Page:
Best Scopes for a .270 Winchester – Reviews and Buying Advice


The .270 round is one of the most commonly used for sporting and hunting, and with good reason. Combined with a Winchester rifle, this makes your shooting steady and reliable with little recoil. However, as with most things in the world of rifles, you can improve it with the right gear.

Good .270 Winchester scopes will improve your range and accuracy and allow you to take some shots that you couldn’t even think about before. Because of that, we’ve put together some guidelines on what to look for in a new scope.

What You Should Look for in a Scope

A lot of things factor in when it comes to choosing the perfect scope for your shooting style and the purposes you generally use your rifle for. We broke it down into three categories and tried to explain in plain words the most important facets of a scope that you should be considering.

Light Transmission

While hunting, your shots won’t always be made in perfect conditions, far from it – they’ll most likely be hindered by something. However, one of the crucial factors here is their vision in low light, and luckily for all the early-birds out there, it can be resolved by a good enough scope.

A more expensive scope will generally have better lenses, which will make for a better light transition. All of that means that with a quality scope with fully multi-coated lenses, you’ll be able to see clearly even at dusk or dawn when you otherwise wouldn’t be able to without one or with a scope made with lower quality lenses.

Object Lens Size

While on the theme of light transmission, as a rule of thumb, the bigger the scope lens, the lighter it gathers, making for better visibility. There’s a slight drawback to using larger lenses, though – the increased weight of the scope.

That’s why the most standard lense size for .270 Winchester scopes is usually 40-50 millimeters – which should be just enough for you to get some excellent shots, even at low light.

The Reticle

The reticle of your scope may very much impact your targeting, especially at longer distances. In short ranges, up to 150 yards, it won’t make much of a difference, but anything beyond that, and you’ll have to account for bullet drop as well.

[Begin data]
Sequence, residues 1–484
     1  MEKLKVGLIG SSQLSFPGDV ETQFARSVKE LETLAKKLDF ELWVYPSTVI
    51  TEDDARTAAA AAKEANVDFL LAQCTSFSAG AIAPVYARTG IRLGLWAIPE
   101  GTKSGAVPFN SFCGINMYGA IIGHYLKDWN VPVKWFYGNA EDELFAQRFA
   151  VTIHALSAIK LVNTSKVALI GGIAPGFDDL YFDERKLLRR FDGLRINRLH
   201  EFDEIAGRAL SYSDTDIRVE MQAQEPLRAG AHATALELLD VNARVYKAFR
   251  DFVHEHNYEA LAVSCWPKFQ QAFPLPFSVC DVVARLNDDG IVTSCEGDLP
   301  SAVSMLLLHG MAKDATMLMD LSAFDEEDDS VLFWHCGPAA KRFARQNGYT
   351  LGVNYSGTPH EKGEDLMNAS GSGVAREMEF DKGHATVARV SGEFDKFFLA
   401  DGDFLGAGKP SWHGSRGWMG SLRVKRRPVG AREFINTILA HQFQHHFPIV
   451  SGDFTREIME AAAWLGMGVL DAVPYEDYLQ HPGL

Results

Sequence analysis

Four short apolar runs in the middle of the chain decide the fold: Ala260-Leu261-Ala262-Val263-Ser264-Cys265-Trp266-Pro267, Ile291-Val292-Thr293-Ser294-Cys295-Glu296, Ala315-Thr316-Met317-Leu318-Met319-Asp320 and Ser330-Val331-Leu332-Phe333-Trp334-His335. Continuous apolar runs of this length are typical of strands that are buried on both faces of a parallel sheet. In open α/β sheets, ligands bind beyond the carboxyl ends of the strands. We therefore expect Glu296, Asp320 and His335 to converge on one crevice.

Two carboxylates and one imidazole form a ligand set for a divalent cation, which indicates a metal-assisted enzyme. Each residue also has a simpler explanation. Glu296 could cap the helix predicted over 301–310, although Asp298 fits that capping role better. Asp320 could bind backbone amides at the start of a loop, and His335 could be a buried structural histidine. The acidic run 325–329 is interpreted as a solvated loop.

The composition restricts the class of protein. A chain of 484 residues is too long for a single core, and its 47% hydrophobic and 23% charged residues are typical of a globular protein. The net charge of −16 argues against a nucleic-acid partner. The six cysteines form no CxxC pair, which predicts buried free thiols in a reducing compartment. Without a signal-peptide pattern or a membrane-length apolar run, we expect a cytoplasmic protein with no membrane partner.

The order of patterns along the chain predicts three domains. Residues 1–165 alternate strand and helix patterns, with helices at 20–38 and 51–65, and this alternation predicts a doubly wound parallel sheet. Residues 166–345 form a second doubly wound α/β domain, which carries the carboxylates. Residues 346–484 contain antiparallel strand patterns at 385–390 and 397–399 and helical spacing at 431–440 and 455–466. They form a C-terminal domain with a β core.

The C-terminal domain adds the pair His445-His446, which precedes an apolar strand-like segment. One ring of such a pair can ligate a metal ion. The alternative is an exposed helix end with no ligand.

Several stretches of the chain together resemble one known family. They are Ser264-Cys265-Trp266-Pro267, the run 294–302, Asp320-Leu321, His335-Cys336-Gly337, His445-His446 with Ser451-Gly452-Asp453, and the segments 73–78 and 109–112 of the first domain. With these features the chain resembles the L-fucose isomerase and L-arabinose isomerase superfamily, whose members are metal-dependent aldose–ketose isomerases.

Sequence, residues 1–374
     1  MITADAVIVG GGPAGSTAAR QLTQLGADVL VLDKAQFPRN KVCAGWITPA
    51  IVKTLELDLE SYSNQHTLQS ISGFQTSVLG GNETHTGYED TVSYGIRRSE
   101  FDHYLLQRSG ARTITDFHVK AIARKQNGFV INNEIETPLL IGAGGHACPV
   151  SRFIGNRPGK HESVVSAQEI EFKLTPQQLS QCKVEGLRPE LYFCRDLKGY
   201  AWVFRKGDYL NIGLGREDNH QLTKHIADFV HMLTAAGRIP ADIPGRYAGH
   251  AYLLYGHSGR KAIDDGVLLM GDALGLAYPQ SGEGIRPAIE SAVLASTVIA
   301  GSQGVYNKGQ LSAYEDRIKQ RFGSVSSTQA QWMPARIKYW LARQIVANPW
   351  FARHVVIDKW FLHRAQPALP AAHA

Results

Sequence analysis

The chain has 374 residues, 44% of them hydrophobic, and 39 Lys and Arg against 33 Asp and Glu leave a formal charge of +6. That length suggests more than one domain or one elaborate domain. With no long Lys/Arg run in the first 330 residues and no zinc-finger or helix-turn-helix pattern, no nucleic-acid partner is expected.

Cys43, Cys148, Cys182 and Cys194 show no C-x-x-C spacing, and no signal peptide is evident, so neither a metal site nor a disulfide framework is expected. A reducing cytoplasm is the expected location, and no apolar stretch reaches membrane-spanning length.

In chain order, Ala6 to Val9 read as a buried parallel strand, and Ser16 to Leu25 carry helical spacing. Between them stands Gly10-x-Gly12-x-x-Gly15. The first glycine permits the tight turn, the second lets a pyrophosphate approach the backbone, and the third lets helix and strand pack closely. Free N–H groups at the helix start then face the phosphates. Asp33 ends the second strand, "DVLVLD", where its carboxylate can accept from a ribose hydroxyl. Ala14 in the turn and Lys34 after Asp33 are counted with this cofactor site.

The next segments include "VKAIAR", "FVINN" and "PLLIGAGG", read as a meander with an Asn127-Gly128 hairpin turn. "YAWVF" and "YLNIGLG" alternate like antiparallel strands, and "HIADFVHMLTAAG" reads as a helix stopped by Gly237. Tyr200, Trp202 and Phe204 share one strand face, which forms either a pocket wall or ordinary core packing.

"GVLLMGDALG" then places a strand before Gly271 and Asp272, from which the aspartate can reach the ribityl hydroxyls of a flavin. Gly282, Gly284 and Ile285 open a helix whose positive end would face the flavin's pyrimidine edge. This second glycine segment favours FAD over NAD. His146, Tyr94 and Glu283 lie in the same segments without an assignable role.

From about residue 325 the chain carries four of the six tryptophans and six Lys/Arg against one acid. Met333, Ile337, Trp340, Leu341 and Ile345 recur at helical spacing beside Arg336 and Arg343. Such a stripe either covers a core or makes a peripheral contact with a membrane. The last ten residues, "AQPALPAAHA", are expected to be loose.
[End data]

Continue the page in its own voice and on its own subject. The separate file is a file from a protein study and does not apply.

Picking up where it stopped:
That’s much easier to do with a BDC (bullet drop compensation) reticle. At 200 yards or more, such a reticle is practically a necessity unless you’re a master shooter.

What Kind of Magnification You’ll Need

When looking for a scope for your .270 Winchester, one of the most important things you need to think about is magnification. Now, you can opt for a fixed magnification scope, but that’ll work best if you’re shooting at a fixed range.

Hunting is an activity where the range you’re shooting from can vary substantially. A much better option is to go with a variable power magnification scope that’ll let you adjust the “zoom” on your sights.

Depending on what your usual shooting range is, you have different options when it comes to magnification, and we’ve broken them down into three groups:

Short Range

At short ranges, which would be under 200 yards, you don’t really need a scope that will let you magnify a whole lot. Maybe you won’t even need one, but it would make your life easier. For such short distances, a 1-4x magnification range will suffice and perform without a hitch.


When it comes to mid-range shooting (200-400 yards), the magnification on your scope can differ based on the size of the game you’re hunting. A 4-9x will do just fine for some bigger game, but for smaller game, you’ll probably need something in the range of 4-12x to let you keep track of your target.

Long Range

At distances over 400 yards, you’ll definitely need a more powerful scope, absolutely over 12x for ranges up to 600 yards and up to 16x or even 24x for distances above that. For these powerful scopes, you’ll need to pay attention that they do not blur around the edges and that they have good FOV (field of vision).

In Conclusion

In any case, the first thing you have to determine when choosing a scope is for what you’ll be using your rifle. You should base your scope choice on the distances you usually shoot at and your usual game.

You should also know that any good optics don’t come cheap, and if you want top-quality, you’ll probably have to pay a pretty penny for it. However, if properly taken care of, that scope will be a lifetime investment, and you will not regret it.



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